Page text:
art photography

#28 Blindspot Gallery


Today I went to Blindspot Gallery where the work of two photographers are currently exhibited.

South Ho Siu Nam | good day good night


Unlike the prevalent documentary approach taken by most photographers to record the events, Ho took an indirect approach filled with symbols and metaphors to representing his personal experiences and the surrounding presences. Scenes of clashes between the police and the protesters are replaced by objects discarded on the road like barricades, umbrellas, used water bottles and tents. People appear small and insignificant against the backdrop of the city, which looks quiet and peaceful amidst undercurrents of intensity and chaos.

The series is about Occupy Central/Umbrella Movement. To be honest, I think it’s quite boring. The composition is not interesting as well. Maybe because there are already tons of artists/photographers “making art” out of this particular event, I feel a bit numb. I think the event itself surpasses the work way too far.


Ken Kitano | Now, Here, and Beyond


“Now, Here, and Beyond” features Kitano’s latest body of photographs day lightand watching the moon conceived and executed during his one-year artist residency in USA in 2013. These works illustrate the relationships between nature, human life and universe. day light was produced on 4 x 5 negative film using day-long exposure from dawn until dusk. In watching the moon, Kitano aligned his camera lens with the moon’s trajectory to capture the motion of the moon. The highlight of the show also includes new portraits from his major and ongoing series since 1999 our face taken during the Occupy Movement, of its participants and Hong Kong policemen.

Overall, I like the design of the gallery, though it is very simple, nothing very surprising, the space is big enough for the audience to view in a comfortable distance.


#27 Eikoh Hosoe, Man and Woman (1959-1960)





Eikoh Hosoe is a Japanese photographer and filmmaker who emerged in the experimental arts movement of post-WWII Japan. His work often expresses topics such as death, eroticism, and some kind of madness I would say, psychologically involved. Heaviness and the strength of darkness are embedded in a lot of his photographs. The contour of the body cuts through the grey, almost feels like it hurts. It is terrifying that my emotion is magnified so much as I see nothing else fades into the dark, what is left out here is the stare that stays still.



#26 Norman Parkinson






Norman Parkinson was a celebrated English portrait and fashion photographer.

“He never used artificial lighting and he was able to integrate the models on the street in motion.”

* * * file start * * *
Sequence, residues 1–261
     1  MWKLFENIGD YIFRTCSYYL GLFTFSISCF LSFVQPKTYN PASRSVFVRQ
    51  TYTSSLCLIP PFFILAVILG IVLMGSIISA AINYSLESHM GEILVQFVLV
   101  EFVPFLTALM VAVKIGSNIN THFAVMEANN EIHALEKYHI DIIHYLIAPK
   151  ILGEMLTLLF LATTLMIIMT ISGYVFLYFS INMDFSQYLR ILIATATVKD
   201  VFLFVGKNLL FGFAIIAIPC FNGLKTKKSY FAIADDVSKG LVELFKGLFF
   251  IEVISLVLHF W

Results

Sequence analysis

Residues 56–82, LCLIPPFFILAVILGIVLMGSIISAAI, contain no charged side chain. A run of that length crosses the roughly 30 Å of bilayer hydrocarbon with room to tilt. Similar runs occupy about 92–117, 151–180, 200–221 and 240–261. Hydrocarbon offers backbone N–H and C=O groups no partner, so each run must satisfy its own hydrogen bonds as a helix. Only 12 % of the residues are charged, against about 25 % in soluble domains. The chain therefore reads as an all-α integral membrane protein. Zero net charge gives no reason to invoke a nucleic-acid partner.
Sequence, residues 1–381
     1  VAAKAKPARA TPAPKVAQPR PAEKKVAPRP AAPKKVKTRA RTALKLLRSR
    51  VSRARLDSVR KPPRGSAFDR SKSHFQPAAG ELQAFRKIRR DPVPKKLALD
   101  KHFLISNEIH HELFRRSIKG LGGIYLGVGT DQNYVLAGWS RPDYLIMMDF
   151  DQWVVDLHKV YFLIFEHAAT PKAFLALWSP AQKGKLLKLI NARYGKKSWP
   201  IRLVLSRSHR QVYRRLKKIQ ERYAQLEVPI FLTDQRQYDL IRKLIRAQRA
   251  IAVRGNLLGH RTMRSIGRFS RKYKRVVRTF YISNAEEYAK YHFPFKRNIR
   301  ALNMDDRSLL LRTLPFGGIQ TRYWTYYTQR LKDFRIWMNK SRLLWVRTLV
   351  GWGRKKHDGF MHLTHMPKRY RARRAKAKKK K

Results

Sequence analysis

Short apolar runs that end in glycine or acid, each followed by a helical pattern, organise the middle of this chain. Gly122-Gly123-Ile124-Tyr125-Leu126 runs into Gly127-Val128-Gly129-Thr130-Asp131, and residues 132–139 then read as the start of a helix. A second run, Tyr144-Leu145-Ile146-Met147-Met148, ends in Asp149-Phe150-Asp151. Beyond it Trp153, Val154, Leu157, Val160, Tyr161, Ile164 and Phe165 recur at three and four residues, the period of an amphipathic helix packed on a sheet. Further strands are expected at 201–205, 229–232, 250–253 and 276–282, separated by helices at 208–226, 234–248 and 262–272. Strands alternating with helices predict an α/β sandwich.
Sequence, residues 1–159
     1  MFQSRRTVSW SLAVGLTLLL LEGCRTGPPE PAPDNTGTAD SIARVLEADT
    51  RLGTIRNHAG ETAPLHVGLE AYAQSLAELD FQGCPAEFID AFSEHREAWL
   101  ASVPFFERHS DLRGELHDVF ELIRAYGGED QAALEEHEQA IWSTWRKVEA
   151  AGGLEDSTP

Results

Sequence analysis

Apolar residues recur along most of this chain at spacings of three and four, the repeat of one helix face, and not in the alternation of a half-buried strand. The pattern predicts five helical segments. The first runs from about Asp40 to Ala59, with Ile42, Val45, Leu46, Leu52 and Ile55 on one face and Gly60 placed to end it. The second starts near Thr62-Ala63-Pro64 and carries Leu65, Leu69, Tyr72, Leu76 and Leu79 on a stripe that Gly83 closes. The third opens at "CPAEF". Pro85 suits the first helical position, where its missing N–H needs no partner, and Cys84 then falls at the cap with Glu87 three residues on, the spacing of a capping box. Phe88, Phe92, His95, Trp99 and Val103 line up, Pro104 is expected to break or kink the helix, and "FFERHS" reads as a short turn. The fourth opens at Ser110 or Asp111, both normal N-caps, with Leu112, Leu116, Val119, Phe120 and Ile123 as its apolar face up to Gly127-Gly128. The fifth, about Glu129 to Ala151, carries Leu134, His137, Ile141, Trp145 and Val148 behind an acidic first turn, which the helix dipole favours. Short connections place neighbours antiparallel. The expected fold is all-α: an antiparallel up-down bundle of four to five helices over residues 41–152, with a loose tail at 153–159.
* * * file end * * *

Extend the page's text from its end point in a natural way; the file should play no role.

Bringing fashion outdoor, there is a sense of freedom in his photographs, and somehow I feel more optimistic when I look at them. Casual gestures are often featured in his work, so as to explore and capture more of the accidents/unexpected moments which had been missing from fashion photography in the 40s.  His photographs reveal a certain freshness and liveliness through the carefree postures of the models, as if there was still some hope in this world.

#25 Ken Kitano, Our Face


Metaportrait of 34 Girls Cosplaying in Anime Costumes at a Comiké (Comic Market), Taipei, Taiwan


Metaportrait of 30 Geikos and Maikos Dancing the Special Kyo Dance in the Spring, Miyagawa Town, Kyoto, Japan

“Where it appears to be an ambiguous portrait of a single person, it is in fact an accumulation and stratification of several dozen individuals. The single figure we see does not exist as an actual person, nor can it be classed as a true portrait.”

At first I thought it was just a single person in his/hers different moments. The series became more intriguing after I read the description of the work. The idea of visualizing the non-existence of an actual person is quite poetic to me. You see someone, but then there’s no one. And no matter how close you are to try to figure out different faces, you can’t really differentiate, this also makes me think about how similar we are but at the same time so different.

#24 Ralph Gibson


Ralph Gibson is an American art photographer.

“His images often incorporate fragments with erotic and mysterious undertones, building narrative meaning through contextualization and surreal juxtaposition.”

I like the tone in his photographs, it is the dramatic contrast that pumps the energy into the images. The black area absorbs whatever is hiding in the dark, and it only makes the visible carry more words to tell. The juxtaposition is not that surreal in my point of view, but it indeed gives a subtle feeling that is unusual.

#23 Thomas Barbèy




Through his photomontages, Thomas Barbèy brings the audience into his imaginary world. During the process of image making, every single one of his images has to pass the “So what?” test. If the image is not interesting enough or doesn’t touch him, he will ask himself “So what?” and then he will start over. Sometimes he has the ideas in mind before he create, while sometimes it is just an accident. Sometimes when he combines several images, some of the images come years later, but it happens to be the perfect match. His work inspires me a lot, and encourage me to be more open to all kinds of possibilities. The world is strange after all.


#22 Gillian Lindsay, Light Imitating Art

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Light Twirl

Gillian Lindsay experiments with mechanical ways of altering light sources, camera motion and double exposure to create images that appear more like charcoal sketches than photographs. The series contains 40 images, exploring the texture of abstraction in a touch of surrealism. While I have no idea about what I’m look at, these images draw me into another space. On her website she also mentions the same question, what am I looking at? The answer is LIGHT.